SYRIA: Youth find support through war, earthquakes
Don Bosco House in Aleppo provides refuge for youth
(MissionNewswire) Salesian missionaries in Aleppo, Syria,* continue to support local youth after the country’s 12 years of civil war and in the aftermath of the devastating earthquake that struck southern Turkey and northern Syria in February 2023.
In the immediate aftermath, Salesians opened the doors to Don Bosco House, and hundreds of people found security, companionship and relief. Five months after the earthquake, Father Alejandro León, superior of the Salesian Adolescent Jesus Province of the Middle East, reflected on what he experienced and what the country continues to need, as well as extended his gratitude for all those who have provided support.
Fr. León said, “One sentence I heard made me think. I entered a formation meeting with a group of teenagers aged 15-16. I don’t know what topic they were discussing, but one girl said, ‘Here we were taught to see the glass half full, rather than half empty, but the problem is that our glass is not only empty, it’s really broken.’ The sentence may seem to be exaggerated, or an outburst after the experience of the earthquake. However, I do not share this, but there is something in it that makes me reflect and empathize with the existential situation of these young people.”
Fr. León noted everything these youth have been through in their young lives. “They are young people who have no recollection of life without war. They have lived for years without electricity, without water, with scarcity of food and fuel. They have lived in a besieged city and have feared attacks with chemical weapons or missiles. They all mourn a family member who died during the war and live in constant economic depression. They have experienced cholera epidemics and the COVID-19 epidemic. What now? A large earthquake and other earthquakes, at least four, that exceeded 6 on the Richter scale.”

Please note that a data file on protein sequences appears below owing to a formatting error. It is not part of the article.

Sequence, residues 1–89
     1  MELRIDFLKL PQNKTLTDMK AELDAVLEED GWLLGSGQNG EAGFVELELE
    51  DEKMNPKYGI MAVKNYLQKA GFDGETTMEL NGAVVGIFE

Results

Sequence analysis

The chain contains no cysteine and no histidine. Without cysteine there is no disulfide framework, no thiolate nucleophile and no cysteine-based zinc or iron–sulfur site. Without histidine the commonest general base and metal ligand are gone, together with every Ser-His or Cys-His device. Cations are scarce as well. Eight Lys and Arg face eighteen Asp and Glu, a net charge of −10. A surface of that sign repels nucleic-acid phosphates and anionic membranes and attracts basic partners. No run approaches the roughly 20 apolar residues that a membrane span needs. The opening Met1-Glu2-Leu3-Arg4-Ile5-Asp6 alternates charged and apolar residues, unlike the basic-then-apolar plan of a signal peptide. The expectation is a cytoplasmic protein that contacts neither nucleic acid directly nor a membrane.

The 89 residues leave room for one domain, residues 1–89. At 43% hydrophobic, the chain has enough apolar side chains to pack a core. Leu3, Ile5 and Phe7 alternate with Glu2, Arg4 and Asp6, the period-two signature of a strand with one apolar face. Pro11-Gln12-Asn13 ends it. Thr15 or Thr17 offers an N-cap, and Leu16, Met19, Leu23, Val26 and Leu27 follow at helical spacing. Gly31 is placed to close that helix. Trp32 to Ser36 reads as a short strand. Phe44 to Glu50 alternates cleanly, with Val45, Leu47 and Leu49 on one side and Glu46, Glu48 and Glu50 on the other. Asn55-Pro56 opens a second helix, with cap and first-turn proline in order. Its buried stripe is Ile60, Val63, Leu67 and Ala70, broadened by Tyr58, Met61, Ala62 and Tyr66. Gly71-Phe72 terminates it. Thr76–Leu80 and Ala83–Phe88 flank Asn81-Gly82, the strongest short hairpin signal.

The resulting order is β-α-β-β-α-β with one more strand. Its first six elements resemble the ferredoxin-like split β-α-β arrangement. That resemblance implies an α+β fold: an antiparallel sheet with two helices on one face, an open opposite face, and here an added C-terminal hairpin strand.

It was 4:17 a.m. on Feb. 6 when the earth shook. Immediately, the courtyard of Don Boco House filled with people seeking safety. There was anxiety and uncertainty. Father Mario Murru, rector, assured them from the outset that the Salesian house would be open for all those who needed it. At lunchtime, there were already 50 people in the house, and by dinner, there were 300. This number grew steadily in the following days to reach 500 people. On Feb. 21 another strong earthquake renewed fear, and 800 people found shelter at Don Bosco House.
Youth in the region had been attending programs at Don Bosco House for years. They were involved in youth camps and were familiar with the Salesians. Through their own training, they were natural leaders in the emergency, helping their families and neighbors. Fr. Murru said, “It was moving to see the respect that the adults paid to young people. Not because they were designated authorities, but because of the moral authority acquired through their generous service.”
He added, “Love has made us overcome barriers that none of us could have imagined. For the love of children, for the love of parents, for the love of friends, for the love of God. At a time when there was no reason to hope for anything, they found people to fight for with hope and everyone, rich and poor, became needy and shared what they had.”
Almost 2.4 million euro was raised by Salesians around the globe for emergency projects in the aftermath of the earthquake. In June, most of those emergency projects concluded to make room for reconstruction, educational projects, and summer camps for children and older youth affected by the earthquake.
Salesian missionaries operate three centers in Kafroun and the particularly high-conflict areas of Aleppo and Damascus. Throughout the ongoing war and struggles in the country, Salesian centers continue to meet the needs of their communities through the distribution of food, economic aid and scholarships to help young people continue with their schooling.
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Salesian Missions – Syria
*Any goods, services or funds provided by Salesian Missions to programs located in this country were administered in compliance with applicable laws and regulations, including sanctions administered by the U.S. Department of Treasury’s Office of Foreign Asset Control.